The following is the result of qRT-PCR (Figure 4-c). First, expression of dsRNA was successfully detected when wild-type yeast into which Gal1 promoter-dsAK1 was introduced was induced by galactose. Almost the same values are obtained even when the target of the primer set used for qRT-PCR is set to the loop portion or set within the AK1 gene. On the other hand, expression was suppressed as expected when replacing the medium with Glucose. From this, it was demonstrated that it is possible to conditionally induce long hairpin RNA expression using our plasmid. Interestingly, the expression in Ski2Δ strain is higher than that in WT strain (p <0.05). This indicates that in wild type yeast, Ski complex is degrading targeting foreign dsRNA in addition to RNA virus as expected. From these results, it was found that it is possible to raise the intracellular concentration of exogenous dsRNA by using yeast mutant strain. In GPD promoter (BBa_K517001), dsRNA could not be expressed. This part is composed of only the 112 bp sequence near the center out of the TDH 3 promoter (588 bp). Strong expression was confirmed when the 588 bp full-length promoter (BBa_K 530008) was used for eGFP expression experiments (Figure 2-a, 2-b), so we believe that there is a high probability that this part is defective.
5) Observe that B. xylophilus feeds on yeast expressing dsRNA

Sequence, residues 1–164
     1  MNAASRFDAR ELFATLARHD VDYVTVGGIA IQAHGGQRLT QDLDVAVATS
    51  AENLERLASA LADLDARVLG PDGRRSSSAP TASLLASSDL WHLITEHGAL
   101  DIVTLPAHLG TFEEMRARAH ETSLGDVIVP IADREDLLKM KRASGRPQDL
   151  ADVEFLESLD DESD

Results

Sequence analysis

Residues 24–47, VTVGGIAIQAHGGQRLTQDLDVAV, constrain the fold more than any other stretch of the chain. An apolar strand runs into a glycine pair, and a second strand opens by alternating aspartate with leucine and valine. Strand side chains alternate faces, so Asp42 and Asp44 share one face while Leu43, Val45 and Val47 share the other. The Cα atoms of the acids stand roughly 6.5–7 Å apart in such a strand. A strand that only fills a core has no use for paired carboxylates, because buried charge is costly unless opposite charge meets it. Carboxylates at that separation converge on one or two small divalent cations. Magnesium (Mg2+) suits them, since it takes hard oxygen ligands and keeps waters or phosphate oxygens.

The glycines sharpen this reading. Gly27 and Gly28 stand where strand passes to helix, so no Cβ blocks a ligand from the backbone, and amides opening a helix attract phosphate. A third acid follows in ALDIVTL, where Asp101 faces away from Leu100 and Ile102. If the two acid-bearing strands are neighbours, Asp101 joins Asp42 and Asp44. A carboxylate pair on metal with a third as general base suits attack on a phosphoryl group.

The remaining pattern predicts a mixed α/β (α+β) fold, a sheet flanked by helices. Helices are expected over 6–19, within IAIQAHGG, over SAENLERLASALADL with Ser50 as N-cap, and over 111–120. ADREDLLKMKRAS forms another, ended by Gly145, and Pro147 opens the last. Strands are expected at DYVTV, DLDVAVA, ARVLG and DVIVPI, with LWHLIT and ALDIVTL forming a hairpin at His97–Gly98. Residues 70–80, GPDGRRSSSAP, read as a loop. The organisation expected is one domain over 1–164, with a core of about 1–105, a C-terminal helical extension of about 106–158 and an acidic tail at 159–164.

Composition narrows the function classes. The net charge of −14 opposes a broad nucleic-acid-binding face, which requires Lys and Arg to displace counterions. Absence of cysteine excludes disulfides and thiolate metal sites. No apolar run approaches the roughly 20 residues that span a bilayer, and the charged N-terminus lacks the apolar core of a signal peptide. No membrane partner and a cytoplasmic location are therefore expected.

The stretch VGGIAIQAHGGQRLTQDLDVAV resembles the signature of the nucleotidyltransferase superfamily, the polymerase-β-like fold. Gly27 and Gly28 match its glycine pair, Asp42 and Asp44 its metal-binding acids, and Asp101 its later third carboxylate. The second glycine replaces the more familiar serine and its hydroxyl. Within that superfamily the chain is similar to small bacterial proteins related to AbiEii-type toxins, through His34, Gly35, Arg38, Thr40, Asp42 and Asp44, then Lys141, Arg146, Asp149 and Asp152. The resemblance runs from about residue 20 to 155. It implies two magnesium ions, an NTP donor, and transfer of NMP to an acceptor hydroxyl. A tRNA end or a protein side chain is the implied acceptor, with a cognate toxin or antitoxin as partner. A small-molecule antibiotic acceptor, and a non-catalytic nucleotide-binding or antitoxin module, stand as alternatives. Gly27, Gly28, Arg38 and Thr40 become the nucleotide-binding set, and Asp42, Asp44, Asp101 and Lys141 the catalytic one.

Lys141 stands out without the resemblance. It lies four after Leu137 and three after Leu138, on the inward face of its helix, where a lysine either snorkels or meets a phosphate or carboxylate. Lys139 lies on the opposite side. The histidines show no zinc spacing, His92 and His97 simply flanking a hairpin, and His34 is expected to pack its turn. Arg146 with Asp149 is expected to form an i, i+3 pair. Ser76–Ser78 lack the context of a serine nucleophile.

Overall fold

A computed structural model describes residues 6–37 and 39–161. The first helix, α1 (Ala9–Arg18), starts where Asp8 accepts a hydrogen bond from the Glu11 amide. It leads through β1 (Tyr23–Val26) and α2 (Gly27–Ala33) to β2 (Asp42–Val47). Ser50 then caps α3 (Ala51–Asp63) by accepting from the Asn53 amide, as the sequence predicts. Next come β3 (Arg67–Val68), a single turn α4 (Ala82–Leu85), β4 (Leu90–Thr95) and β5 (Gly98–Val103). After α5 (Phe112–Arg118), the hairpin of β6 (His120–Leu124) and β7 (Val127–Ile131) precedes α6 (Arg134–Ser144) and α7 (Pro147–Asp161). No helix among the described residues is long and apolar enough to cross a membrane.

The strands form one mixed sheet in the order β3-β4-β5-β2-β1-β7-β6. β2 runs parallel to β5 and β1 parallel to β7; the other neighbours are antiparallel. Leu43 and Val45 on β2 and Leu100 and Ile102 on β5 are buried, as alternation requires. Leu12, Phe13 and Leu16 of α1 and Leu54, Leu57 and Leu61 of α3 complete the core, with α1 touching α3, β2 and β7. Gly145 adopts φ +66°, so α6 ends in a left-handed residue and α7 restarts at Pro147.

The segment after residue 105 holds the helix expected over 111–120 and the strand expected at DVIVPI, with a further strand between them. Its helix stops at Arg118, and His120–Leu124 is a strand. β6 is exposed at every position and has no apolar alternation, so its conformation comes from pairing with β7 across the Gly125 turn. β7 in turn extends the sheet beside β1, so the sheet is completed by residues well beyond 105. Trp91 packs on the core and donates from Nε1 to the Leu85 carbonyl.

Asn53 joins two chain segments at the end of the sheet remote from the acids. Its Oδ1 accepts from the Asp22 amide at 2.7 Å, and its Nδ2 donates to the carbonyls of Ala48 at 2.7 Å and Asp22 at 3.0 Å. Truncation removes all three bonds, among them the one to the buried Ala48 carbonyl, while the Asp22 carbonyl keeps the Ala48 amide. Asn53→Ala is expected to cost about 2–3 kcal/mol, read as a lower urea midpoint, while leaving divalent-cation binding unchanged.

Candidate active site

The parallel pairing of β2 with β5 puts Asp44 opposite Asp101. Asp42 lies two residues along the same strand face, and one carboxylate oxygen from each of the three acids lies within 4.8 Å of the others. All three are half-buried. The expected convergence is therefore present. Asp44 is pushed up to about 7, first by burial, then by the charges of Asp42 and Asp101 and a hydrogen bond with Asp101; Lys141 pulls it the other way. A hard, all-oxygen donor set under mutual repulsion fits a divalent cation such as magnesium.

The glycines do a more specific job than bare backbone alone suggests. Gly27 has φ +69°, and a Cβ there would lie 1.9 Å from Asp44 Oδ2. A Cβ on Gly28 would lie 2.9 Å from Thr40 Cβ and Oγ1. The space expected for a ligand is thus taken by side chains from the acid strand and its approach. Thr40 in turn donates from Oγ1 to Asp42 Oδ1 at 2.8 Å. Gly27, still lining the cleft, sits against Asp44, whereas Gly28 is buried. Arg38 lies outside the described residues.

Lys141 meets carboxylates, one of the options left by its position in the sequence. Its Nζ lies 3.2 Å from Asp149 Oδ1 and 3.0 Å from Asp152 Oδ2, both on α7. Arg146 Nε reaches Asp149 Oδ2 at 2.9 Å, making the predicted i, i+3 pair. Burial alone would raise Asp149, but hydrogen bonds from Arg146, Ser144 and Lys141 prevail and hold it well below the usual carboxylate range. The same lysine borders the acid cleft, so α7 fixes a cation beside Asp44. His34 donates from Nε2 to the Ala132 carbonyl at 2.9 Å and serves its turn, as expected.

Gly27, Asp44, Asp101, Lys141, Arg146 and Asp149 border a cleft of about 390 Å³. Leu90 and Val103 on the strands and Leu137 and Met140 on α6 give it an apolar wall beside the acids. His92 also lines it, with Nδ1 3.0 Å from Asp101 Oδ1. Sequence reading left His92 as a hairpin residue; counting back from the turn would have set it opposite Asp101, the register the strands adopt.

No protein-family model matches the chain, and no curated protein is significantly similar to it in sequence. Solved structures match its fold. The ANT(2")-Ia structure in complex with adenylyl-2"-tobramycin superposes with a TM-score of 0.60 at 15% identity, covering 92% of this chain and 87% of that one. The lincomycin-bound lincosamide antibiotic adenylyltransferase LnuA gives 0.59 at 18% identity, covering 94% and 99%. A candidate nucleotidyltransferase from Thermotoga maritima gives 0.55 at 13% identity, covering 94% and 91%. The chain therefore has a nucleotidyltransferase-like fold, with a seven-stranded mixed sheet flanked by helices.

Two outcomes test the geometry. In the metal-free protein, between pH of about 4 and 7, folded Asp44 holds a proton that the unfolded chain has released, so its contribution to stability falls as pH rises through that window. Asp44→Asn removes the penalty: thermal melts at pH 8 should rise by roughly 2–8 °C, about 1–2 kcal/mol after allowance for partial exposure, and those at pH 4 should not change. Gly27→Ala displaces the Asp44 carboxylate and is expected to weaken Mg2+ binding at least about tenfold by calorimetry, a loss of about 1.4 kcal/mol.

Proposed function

We let B. xylophilus prey on the yeast prepared as described above and recorded the survival rate and behavior of nematodes as follows.
We counted the number of surviving nematodes which fed on dsRNA / eGFP expressing yeast every other day. We also confirmed the survival rate among nematodes that showed fluorescence of eGFP.
From the above results, the number of nematodes did not decline predominantly even when using yeast whose expression of dsAK1 was confirmed (Figure 5-a). According to previous experiments, when the nematodes cultured by eGFP(+) yeast, the rate of eGFP(+) labbeled nematodes was only about 30% (Figure 2-d). For this reason, even if dsRNA taken in kills nematodes, since the proportion of nematodes ingesting a sufficient number of yeasts to obtain the effect is not so high, there is a possibility that the effect given by dsRNA has been diluted. We focused only on nematodes that fed yeast and confirmed the mortality of fluorescent nematodes to evaluate the effect of dsRNA (Figure 5-b). Even in this case, we could not confirm the effect of dsRNA as expected. Moreover, the survival rate of nematodes is lower when using yeast cultured in +glu SD medium which should suppress the expression of dsRNA. The results were the same even when using ski2Δ yeast in which the expression level of dsRNA was increased (Figure 5-c). This seemingly contradictory result will be discussed later in the discussion. We thought that there might be some obstacle before dsRNA was taken up by nematodes and sought out the cause.
6) Improve transport of mRNA to cytosol
As shown in the figure (Figure 6-a), the diameter of the stylet is very small, about a fraction of a single cell of yeast. For this reason, B. xylophilus seemed to draw out the cytoplasmic fraction, but large cellular componentns such as the nucleus may not be efficiently consumed by B. xylophilus.